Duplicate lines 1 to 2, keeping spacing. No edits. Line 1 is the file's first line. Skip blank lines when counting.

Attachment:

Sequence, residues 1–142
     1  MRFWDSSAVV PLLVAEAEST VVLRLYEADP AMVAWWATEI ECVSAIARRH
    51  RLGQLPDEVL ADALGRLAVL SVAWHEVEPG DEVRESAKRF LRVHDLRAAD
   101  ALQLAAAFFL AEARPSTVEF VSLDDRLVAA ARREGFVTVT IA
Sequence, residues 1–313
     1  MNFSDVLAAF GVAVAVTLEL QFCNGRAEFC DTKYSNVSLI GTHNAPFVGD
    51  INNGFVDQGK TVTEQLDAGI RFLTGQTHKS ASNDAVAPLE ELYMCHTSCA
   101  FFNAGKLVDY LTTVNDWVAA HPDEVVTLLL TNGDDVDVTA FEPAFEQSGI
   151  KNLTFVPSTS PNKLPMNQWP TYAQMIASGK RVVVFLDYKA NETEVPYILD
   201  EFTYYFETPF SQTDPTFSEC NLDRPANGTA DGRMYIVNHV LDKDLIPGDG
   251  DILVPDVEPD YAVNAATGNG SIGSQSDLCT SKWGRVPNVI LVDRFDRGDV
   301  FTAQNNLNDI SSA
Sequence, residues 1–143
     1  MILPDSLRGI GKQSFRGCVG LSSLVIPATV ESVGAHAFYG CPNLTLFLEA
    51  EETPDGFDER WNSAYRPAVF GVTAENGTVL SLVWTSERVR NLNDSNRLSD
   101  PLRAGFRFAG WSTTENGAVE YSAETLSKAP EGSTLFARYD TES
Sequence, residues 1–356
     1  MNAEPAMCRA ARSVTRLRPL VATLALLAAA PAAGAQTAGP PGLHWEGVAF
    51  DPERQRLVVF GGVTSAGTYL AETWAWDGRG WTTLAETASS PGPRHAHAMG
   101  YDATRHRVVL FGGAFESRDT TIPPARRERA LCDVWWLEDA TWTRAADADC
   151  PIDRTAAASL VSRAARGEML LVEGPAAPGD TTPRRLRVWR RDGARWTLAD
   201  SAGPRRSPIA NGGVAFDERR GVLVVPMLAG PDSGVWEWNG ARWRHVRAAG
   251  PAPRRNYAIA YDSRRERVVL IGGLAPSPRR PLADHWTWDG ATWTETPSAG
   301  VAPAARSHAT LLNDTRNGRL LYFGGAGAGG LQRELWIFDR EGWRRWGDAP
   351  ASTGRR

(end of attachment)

Sequence, residues 1–142
     1  MRFWDSSAVV PLLVAEAEST VVLRLYEADP AMVAWWATEI ECVSAIARRH